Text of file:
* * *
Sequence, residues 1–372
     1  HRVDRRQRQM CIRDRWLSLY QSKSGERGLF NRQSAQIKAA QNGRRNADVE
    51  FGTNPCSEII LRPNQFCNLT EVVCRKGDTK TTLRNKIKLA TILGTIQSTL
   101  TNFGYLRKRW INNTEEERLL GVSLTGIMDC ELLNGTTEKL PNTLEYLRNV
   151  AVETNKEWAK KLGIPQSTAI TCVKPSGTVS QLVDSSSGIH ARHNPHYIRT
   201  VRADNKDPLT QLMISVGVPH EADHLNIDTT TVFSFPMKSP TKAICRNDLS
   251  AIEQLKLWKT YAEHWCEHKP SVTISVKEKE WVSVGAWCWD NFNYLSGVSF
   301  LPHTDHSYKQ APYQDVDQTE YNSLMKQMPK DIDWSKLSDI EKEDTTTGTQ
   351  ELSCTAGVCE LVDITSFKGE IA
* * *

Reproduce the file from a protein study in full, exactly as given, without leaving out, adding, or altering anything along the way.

Sequence, residues 1–372
     1  HRVDRRQRQM CIRDRWLSLY QSKSGERGLF NRQSAQIKAA QNGRRNADVE
    51  FGTNPCSEII LRPNQFCNLT EVVCRKGDTK TTLRNKIKLA TILGTIQSTL
   101  TNFGYLRKRW INNTEEERLL GVSLTGIMDC ELLNGTTEKL PNTLEYLRNV
   151  AVETNKEWAK KLGIPQSTAI TCVKPSGTVS QLVDSSSGIH ARHNPHYIRT
   201  VRADNKDPLT QLMISVGVPH EADHLNIDTT TVFSFPMKSP TKAICRNDLS
   251  AIEQLKLWKT YAEHWCEHKP SVTISVKEKE WVSVGAWCWD NFNYLSGVSF
   301  LPHTDHSYKQ APYQDVDQTE YNSLMKQMPK DIDWSKLSDI EKEDTTTGTQ
   351  ELSCTAGVCE LVDITSFKGE IA